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Shadows of Divine Things

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Location: Texas, United States

This site is devoted to theological and philosophical investigations of the spiritual meanings of life, current events, music, spiritual growth, nature, and learning to be attuned to listening to the 'language of God.' The name of this blog comes from one of Jonathan Edwards's journals which he called 'Shadows of Divine Things,' and later renamed 'Images of Divine Things.' As a Christian I am continously on a spiritual journey to grow more into the image of Christ, to understand what it means to be crucified with Christ. To seek the truths of the Christian Faith is of upmost importance, and to know that any truths that are found outside of Christianity are present there because they ultimately point to God. I have an M.A. in theology and apologetics and I completed one year of graduate studies in Philosophy at Marquette University.

Friday, February 24, 2006

Wright on Justification in Paul’s Letter to the Galatians (Part 1)

In chapter 7 of What Saint Paul Really Said Wright is brief in discussing Paul’s epistle to Galatia. However, he is succinct in delineating what he thinks Paul is communicating in this letter. Wright makes several strong points in relation to the context of this particular letter which he believes centers on the idea of how you define the people of God (p.120). These points are:

  • Paul is not addressing the issue of how someone becomes a Christian or attains to a relationship with God. This is due to the fact that contextually this is not even implied; his readers are already Christian (mostly ex-pagans).
  • Paul is addressing, however, the problem or question: should his ex-pagan converts be circumcised or not? A mere prima facie reading of the text in any language demonstrates this fact. Also, does circumcision determine whether someone is a part of the people of God?
  • Wright declares that the content of Galatians is most certainly covenantal. The third chapter of Galatians demonstrates this idea in that the whole chapter is devoted to a lengthy exposition of the family of Abraham (which Wright declares is focused initially on the covenant chapter, Genesis 15 and moving through other covenantal passages including Deuteronomy 7). This could certainly not be construed as how individuals, first Abraham (since that is Paul’s reference point) and the church in Galatia (since that is Paul’s audience), and us today (albeit Paul would not even have us in mind) come to “faith.” The more likely context and subject matter is how one can know they belong to the family of Abraham (the people of God).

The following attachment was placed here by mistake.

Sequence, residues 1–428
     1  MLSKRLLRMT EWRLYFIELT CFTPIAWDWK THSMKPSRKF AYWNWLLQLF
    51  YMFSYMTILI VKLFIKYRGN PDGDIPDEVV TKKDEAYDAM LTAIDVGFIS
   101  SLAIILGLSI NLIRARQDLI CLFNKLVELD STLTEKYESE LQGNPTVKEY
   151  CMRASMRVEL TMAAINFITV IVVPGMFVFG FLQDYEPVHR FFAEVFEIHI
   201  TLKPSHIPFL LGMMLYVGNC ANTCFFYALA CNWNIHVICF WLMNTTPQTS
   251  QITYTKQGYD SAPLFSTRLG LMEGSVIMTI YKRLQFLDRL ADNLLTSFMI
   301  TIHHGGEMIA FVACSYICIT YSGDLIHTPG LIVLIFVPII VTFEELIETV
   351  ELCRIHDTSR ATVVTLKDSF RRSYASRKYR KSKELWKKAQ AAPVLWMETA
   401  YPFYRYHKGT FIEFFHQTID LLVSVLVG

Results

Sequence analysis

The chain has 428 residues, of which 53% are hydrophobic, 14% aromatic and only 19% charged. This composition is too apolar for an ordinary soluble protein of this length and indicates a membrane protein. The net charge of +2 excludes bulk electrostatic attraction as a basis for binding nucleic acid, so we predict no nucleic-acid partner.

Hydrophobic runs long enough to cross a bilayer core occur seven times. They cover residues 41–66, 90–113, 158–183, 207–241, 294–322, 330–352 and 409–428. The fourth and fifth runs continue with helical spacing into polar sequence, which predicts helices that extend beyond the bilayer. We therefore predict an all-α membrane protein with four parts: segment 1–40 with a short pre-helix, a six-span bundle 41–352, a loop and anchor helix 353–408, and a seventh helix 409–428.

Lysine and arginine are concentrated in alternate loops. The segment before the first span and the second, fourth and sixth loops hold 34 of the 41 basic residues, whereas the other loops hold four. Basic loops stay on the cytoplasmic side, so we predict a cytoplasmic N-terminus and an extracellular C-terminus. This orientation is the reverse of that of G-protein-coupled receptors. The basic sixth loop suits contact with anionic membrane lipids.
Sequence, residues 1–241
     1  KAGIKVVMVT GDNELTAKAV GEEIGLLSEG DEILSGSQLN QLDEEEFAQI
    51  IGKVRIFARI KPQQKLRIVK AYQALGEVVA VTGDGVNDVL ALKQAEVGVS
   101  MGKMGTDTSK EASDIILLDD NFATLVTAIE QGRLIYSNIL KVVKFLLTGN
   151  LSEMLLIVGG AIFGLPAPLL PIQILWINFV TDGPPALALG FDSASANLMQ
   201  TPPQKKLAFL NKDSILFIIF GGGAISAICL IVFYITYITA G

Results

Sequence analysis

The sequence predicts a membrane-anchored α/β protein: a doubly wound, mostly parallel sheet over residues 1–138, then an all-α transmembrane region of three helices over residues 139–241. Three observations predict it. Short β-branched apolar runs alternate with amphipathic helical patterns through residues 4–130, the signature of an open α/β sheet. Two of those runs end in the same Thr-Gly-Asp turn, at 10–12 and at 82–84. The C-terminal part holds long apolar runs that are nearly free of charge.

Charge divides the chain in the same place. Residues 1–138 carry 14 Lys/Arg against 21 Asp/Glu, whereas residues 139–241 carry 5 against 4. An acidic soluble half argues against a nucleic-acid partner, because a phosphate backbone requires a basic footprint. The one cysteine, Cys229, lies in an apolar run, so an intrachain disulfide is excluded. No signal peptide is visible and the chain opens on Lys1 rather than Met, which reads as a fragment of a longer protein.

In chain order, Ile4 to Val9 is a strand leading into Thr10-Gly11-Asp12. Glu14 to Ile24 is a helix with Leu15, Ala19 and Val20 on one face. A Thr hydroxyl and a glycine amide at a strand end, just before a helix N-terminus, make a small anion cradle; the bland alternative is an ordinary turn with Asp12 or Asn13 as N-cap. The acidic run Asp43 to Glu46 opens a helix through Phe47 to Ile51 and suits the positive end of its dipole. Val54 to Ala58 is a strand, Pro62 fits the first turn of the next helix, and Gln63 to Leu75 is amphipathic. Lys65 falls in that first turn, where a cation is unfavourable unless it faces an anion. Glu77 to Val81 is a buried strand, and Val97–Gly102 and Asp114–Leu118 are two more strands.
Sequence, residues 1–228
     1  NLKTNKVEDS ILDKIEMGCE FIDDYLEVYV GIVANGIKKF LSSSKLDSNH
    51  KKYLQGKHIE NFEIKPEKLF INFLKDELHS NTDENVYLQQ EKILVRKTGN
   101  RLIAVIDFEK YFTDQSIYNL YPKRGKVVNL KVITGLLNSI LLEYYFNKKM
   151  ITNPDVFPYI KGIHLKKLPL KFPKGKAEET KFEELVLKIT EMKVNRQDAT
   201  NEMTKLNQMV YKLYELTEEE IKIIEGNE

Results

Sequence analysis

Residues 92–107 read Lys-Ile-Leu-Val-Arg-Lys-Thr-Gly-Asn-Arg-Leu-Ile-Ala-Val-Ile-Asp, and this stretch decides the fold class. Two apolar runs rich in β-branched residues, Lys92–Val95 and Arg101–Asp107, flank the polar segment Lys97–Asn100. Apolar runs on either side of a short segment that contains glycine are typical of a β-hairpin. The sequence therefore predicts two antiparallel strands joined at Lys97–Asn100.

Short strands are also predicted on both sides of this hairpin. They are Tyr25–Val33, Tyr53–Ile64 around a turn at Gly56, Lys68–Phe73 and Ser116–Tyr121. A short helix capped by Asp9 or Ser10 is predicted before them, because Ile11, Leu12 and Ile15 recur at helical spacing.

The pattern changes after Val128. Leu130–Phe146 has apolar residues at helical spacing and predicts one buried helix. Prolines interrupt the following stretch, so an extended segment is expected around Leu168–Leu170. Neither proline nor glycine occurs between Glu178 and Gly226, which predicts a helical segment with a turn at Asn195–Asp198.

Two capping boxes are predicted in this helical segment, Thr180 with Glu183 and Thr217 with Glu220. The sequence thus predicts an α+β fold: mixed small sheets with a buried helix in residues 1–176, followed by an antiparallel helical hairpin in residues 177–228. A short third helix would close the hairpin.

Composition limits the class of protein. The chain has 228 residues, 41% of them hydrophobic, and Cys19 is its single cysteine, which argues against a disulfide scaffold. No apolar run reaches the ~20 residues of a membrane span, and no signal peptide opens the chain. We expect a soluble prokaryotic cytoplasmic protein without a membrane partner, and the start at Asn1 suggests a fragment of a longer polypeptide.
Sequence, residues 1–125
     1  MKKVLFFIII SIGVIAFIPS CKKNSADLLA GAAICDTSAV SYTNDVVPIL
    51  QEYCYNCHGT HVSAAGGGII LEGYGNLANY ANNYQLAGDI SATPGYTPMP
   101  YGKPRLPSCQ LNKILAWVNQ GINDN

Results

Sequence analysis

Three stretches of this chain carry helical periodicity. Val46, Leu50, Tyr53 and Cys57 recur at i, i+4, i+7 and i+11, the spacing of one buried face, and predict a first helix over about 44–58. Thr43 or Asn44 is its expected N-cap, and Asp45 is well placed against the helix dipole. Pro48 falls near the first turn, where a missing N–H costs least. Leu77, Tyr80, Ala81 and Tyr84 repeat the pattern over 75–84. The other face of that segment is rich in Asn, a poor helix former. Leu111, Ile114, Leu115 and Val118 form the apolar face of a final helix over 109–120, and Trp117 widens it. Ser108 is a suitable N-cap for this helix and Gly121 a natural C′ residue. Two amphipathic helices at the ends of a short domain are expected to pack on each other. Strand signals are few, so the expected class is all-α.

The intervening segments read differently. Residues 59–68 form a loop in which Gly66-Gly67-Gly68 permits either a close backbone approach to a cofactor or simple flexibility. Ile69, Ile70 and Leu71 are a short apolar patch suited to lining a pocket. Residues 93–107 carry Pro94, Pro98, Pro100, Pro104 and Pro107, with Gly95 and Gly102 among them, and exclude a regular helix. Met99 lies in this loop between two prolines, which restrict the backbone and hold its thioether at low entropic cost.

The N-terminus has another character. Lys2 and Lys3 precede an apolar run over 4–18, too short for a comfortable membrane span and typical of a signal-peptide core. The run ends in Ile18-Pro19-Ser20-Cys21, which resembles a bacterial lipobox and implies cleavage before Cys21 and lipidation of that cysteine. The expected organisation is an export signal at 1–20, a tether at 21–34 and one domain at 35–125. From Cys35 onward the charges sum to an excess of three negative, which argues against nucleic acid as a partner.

• Based on Paul’s context, he is certainly addressing both Jews and Greeks. Therefore, the issue of religion and race play a factor in the content. Paul’s focus on the Jewish Law (works of the Law) as it relates to circumcision (which is a part of the Jewish Law) and whether Gentiles should practice such is the focus of this letter. Furthermore, this subject relates directly to the gospel which Paul was preaching, and which he argues for in the text, also demonstrating through the other Apostles that what he preached (i.e. his gospel) was approved.

These four points are the essential focus of Wright’s interpretation of Galatians. While I have simplified them a bit for the purpose of this post, Wright will give details as to how each of these play a crucial role in understanding this particular letter from Paul. Moreover, Wright will discuss whether these things relate or have anything to do with a notion of “one coming to a saving knowledge or relationship with God” in this letter. This then will be the focus of my next post.


Anonymous Anonymous said...

Thanks for doing this series, I'm looking forward to more posts on the subject.

6:28 AM, February 27, 2006  
Blogger T.B. Vick said...

Your welcome. I do have a few more articles to post so please be patient . . . this has been a seven year sruggle and research process for me (which I intend to post about in my last entry titled "after thoughts" dealing with my struggles in this issue) and I do appreciate the feedback of others, so feel free to comment anytime in the upcoming posts.

10:43 AM, February 27, 2006  

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